The following day, another 18 PLAAF aircraft and one of the PLA navy repeated the exercise.

This time, there were twelve J-16, two J-10s, two J-11s, two H-6s and one Y-8 anti-submarine warfare aircraft.

On September 18, a PLAAF pilot appeared to elevate the level of intimidation when he told the pilot of a Taiwan air force interceptor that 'there is no median line in the Taiwan Strait.'

Doubts whether Beijing was changing the status quo were dispelled when the Chinese foreign ministry spokesman formally announced at the weekly press conference in Beijing on September 21 that 'there is no so-called center line in the Taiwan Strait'.

Flights by PLAAF aircraft through the Taiwan Strait and crossing the median line could henceforth become a regular feature.

Coinciding with PLAAF flights over the Taiwan Strait, the PLAAF on September 19 released a two minute and 15 second video titled The god of war H-6K goes on the attack!, which went viral.

It depicted two nuclear-capable H-6 bombers carrying out a simulated attack on what appears to be the Andersen Air Force Base on the U.S. Pacific island of Guam, though it is not named.

Halfway through the video, a pilot presses a button and fires a missile which homes in on the unnamed seaside runway, the satellite image of which observers say resembles the layout of the Andersen Air Force Base.

IMAGE: Taiwan's President Tsai Ing-wen arrives to pay respects to the deceased during an event to mark the 62nd anniversary of the Second Taiwan Strait crisis in Kinmen, Taiwan, August 23, 2020. Photograph: Ann Wang/Reuters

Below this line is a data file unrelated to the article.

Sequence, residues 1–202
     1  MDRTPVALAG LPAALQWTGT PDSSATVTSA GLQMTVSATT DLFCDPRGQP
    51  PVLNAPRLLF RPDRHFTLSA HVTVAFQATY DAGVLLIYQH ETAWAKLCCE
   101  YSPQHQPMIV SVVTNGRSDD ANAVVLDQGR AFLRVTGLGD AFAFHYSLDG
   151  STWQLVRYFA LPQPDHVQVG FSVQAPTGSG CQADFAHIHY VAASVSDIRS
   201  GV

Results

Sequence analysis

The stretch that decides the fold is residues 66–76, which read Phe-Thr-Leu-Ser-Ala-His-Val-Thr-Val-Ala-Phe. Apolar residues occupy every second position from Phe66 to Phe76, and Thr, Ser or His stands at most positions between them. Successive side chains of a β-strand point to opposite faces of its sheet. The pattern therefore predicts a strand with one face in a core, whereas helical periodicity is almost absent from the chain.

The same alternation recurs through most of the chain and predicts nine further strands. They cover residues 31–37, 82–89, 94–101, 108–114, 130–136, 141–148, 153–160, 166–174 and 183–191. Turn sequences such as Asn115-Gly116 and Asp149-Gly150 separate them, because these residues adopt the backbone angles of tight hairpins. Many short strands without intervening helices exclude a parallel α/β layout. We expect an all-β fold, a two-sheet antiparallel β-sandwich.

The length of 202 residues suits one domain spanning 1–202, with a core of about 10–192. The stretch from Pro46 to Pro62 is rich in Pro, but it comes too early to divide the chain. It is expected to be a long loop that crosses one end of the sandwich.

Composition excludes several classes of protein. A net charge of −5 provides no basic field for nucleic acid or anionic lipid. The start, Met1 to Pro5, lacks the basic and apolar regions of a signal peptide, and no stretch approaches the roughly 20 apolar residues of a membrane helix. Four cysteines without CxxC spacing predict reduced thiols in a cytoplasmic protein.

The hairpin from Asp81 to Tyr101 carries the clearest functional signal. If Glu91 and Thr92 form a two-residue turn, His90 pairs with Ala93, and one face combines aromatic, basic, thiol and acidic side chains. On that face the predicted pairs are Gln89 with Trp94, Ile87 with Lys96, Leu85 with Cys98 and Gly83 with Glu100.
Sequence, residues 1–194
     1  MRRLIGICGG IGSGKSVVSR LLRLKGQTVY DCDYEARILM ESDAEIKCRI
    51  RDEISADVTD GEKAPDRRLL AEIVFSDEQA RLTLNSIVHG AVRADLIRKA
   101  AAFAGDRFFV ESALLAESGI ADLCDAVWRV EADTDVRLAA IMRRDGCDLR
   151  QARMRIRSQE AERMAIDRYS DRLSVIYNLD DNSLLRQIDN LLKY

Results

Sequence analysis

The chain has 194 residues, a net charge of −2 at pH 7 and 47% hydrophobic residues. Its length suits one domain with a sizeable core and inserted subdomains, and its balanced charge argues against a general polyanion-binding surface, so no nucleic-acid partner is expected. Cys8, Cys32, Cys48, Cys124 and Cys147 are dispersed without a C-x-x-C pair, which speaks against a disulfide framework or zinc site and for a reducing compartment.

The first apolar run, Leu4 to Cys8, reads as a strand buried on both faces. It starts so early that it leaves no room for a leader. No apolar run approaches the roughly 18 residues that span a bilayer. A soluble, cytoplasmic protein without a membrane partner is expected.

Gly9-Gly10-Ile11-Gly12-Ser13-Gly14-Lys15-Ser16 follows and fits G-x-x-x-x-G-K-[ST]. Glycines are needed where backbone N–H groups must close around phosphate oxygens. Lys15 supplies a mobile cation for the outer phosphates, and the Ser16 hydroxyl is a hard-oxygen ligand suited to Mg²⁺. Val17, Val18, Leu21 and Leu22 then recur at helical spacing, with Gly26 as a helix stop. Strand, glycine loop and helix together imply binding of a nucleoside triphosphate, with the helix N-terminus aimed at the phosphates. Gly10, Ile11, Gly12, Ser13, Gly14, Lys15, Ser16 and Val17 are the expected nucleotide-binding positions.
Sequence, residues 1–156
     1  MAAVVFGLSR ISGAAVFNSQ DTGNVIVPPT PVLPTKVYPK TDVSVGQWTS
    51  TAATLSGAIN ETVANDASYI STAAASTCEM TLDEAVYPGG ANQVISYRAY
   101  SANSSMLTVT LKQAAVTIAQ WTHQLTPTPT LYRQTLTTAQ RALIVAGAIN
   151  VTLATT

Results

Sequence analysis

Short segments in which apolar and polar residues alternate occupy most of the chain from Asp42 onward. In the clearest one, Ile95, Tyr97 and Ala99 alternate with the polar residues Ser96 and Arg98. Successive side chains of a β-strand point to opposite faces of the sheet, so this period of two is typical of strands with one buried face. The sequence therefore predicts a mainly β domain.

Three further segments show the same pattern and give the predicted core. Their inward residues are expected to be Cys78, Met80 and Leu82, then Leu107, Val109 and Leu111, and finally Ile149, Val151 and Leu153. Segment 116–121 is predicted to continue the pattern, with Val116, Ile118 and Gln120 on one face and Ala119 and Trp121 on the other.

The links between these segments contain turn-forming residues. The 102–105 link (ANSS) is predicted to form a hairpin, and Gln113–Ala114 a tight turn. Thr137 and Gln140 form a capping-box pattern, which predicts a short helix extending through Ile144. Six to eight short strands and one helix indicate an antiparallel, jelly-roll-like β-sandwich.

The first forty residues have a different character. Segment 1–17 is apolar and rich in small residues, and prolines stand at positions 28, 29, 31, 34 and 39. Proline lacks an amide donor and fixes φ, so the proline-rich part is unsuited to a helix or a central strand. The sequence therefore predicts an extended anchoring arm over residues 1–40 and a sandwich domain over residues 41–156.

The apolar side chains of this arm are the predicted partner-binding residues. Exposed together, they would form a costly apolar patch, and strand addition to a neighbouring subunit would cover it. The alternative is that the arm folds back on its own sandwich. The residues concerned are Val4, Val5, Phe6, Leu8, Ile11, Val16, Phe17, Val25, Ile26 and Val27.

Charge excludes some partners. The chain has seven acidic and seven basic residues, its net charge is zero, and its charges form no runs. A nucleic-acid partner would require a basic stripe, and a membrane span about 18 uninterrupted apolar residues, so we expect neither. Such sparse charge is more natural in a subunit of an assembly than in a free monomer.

As the video spread across the world, the Global Times published an article conciliatory in tone and apparently intended to assuage the US by Chinese military expert Wei Dongxu on September 22.

Wei Dongxu explained 'The video is merely an exhibition of China's counterbalance capabilities. It doesn't mean it is targeting certain troops. Nor will it initiate an attack against a certain position, or specifically deter a certain country.'

He added that 'from the information released by the PLA, we can see it hasn't explicitly or apparently pointed to a certain country or target. China's military operations are defensive in nature. It only pursues defensive counterattack strategies. If China is not provoked or threatened, it will not engage in direct counterattack like what is that showed in the video.'

At the same time, the article struck a defiant note and cautioned that 'if the US military sends bombers from its Pacific bases to deter China and bring direct threats, the PLA's H-6K bombers are indeed capable of launching effective counterattacks against these bases, frontier deployments, and forward bases.'

It added 'if anyone greatly endangers China's national defense security and strategic security, or even takes direct actions against the country it, then its countermoves will definitely be extraordinarily fast - And in rapid real time.'

Interestingly, this article has not been published in the Chinese version of the newspaper!

Jayadeva Ranade, former Additional Secretary, Cabinet Secretariat, Government of India, is the President, Centre for China Analysis and Strategy.

Feature Presentation: Aslam Hunani/ Rediff.com